Infectious diseases are one of the grand challenges to the public health today. The ability to rapidly monitor the spread of diseases in a large scale is the key for prevention, intervention and control of these diseases. Wastewater-Based Epidemiology (WBE) is based on the wastewater of a population, which means the pooled samples from thousands of people, to monitor the disease outbreaks at the community level. In the past two years, COVID-19 sewage surveillance has been applied to provide the early warning signal, to monitor the spread trend of the virus, to uncover the infected persons, and to trace the spread of different variants. In Hong Kong, the sewage surveillance technology developed by the multidisciplinary team of Civil Engineering and Public Health of the University of Hong Kong has been incorporated into the whole control strategy against COVID-19 since December 2020. Currently, the routine sewage surveillance programme of the Hong Kong Government covers more than 150 regular sampling sites in different areas, providing monitoring results for over 5 million people. Similar WBE surveillance systems have also been well-established in many countries, including USA, EU members, Australia, Singapore, etc. In the future, the wastewater surveillance systems are not only helpful in the fight against SARS-CoV-2 but also will be an essential part of the smart city to protect people’s health from known pathogens and unknown emerging new pathogens. In summary, wastewater tells us the health of a city, and we are learning how to listen to it carefully.
Living cells need to undergo significant shape changes during processes such as cell division, migration and tissue formation. Therefore, it is commonly believed that the deformability of cells is intimately related to their capability in executing different biological duties as well as the progression of diseases. In this talk, I will discuss how irreversible deformation of cells ensures proper axial extension of embryos during their development and how the plastic response of tumor cells can be used in monitoring the progression of cancer. Specifically, I will show that the presence of active intracellular/intercellular contraction will trigger the severing and re-bundling of actin filaments in cells (leading to cellular anisotropy and plasticity), elevate the internal hydrostatic pressure of embryo and eventually drive its elongation. In particular, the gradual re-alignment of F-actins must be synchronized with the development of intracellular forces for the embryo to elongate, which is then further sustained by muscle contraction-triggered plastic deformation of cells. In addition, I will also introduce a microfluidic setup developed in our lab allowing us to impose precisely controlled cyclic deformation on cells and therefore probe their plastic characteristics. Interestingly, we found that significant plastic strain can accumulate rapidly in highly invasive cancer cell lines and circulating tumor cells (CTCs) from late-stage lung cancer patients with a characteristic time of a few seconds. In comparison, very little irreversible deformation was observed in the less invasive cell lines and CTCs from early-stage lung cancer patients, highlighting the potential of using the plastic response of cells as a novel marker in future cancer prognosis and monitoring.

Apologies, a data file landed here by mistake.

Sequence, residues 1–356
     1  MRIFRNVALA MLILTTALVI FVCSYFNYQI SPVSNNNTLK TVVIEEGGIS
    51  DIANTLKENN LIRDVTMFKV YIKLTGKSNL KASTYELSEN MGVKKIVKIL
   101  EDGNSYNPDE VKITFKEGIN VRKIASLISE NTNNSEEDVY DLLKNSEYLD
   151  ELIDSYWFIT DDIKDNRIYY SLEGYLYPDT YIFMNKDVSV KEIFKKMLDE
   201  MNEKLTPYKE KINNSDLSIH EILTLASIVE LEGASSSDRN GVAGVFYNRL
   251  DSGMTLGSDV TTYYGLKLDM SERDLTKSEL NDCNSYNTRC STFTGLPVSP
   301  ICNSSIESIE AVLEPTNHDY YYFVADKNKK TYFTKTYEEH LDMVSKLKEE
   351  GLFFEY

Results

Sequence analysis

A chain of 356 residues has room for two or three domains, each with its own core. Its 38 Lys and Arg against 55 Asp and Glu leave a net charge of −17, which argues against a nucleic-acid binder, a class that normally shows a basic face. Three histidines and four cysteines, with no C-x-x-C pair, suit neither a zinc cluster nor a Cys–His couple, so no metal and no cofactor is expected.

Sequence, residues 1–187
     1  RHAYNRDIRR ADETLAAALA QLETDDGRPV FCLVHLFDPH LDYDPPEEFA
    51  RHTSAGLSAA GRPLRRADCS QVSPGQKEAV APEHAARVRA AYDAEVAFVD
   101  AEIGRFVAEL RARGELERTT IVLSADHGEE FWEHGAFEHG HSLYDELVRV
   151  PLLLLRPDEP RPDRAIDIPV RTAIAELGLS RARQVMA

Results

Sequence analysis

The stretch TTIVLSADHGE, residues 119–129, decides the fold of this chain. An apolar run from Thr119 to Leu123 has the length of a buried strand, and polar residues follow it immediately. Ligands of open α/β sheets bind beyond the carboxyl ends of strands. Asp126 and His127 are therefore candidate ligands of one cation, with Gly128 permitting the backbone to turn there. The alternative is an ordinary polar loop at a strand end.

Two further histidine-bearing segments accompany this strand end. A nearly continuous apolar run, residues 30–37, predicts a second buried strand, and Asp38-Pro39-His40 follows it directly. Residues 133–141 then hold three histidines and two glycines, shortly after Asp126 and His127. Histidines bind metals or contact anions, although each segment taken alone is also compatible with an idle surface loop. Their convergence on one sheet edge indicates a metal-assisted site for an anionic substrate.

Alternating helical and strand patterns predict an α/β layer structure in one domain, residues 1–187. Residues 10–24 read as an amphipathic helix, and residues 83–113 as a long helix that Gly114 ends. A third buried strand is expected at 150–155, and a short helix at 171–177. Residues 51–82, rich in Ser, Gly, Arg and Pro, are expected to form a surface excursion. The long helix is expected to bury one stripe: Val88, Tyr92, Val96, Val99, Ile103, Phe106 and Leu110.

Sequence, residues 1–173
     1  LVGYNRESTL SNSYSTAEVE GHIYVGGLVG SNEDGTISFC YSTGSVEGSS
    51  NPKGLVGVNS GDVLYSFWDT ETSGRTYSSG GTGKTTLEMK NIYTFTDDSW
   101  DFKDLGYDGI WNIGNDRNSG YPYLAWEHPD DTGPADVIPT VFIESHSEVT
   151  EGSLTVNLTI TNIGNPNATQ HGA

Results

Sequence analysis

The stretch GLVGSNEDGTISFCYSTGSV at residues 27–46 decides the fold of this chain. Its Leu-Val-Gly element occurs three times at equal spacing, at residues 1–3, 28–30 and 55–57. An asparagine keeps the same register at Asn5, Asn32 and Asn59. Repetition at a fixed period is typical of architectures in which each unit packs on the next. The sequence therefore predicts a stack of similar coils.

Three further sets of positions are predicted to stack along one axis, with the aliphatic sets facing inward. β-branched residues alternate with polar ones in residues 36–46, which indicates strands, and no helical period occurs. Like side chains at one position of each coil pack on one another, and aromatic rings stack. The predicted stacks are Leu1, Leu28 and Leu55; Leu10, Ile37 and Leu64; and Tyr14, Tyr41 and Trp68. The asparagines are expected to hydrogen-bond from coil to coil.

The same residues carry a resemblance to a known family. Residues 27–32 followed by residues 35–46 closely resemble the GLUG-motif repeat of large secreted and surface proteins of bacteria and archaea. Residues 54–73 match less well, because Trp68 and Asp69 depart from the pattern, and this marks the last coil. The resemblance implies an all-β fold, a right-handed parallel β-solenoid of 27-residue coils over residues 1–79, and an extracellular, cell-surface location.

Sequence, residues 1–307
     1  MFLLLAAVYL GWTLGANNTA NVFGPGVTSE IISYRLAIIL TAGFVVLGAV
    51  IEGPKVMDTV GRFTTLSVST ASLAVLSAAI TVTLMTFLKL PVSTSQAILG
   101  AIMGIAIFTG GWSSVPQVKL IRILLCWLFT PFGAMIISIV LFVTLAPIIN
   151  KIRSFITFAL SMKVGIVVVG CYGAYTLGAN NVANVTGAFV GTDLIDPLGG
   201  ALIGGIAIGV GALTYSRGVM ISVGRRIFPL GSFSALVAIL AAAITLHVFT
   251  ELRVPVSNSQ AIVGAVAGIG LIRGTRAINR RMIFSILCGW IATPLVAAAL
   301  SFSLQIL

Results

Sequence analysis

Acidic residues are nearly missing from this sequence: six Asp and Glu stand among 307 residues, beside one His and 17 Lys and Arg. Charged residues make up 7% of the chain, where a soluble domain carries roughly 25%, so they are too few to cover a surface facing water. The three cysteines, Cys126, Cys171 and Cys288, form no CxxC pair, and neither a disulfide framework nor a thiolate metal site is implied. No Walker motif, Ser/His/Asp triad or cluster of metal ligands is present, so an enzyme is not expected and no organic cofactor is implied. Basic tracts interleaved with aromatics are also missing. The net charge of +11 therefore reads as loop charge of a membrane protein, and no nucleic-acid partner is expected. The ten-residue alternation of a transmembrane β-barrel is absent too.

The conventional understanding of active volcanoes is based on the theory of hot magma (molten rock) from mantle. Although this magma theory has been widely believed in Earth Science, the prediction of volcano eruption can be incorrect. For example, the recent massive eruption of the Tonga Hunga volcano was not predicted. The devastating eruption of the Mount Ontake volcano in Japan on Sept. 27, 2014 was also not predicted and/or warned at all, consequently caused 55 fatalities, 9 missing and more than 60 injured.
In this Tech Talk, Professor Yue will present his re-understanding of active volcanoes using his methane gas theory. This methane gas theory of active volcanoes is original and can interpret all the observed phenomena associated with active volcanoes. It can be used to correctly predict and effectively reduce the occurrence of damaging volcano eruptions. It can be further used to obtain the huge amount of natural gas resources from gas chambers of active volcanoes at several kilometers below the ground rocks
Tech Talk – Unravelling the transmission of vertical outbreaks: Each drainage stack is an aerosol factory
More than 10 vertical outbreaks of COVID-19 have been observed in high-rise housing in Hong Kong. Together with the 2003 SARS Amoy Garden outbreak, these outbreaks suggest the roles of building drainage pipes in the transmission of infection, probably not limited to SARS and SARS-CoV-2. In collaboration with the Environmental Protection Department (EPD), we conducted field measurements in some of the infection venues and explore the transmission mechanisms. In this Tech talk, Professor Yuguo Li, Chair Professor of Building Environment, shall demonstrate how his proposed chimney effect explains most of these infections, how the drainage pipe was poorly ventilated, what one can do to protect our family, and what society can do to provide healthy housing.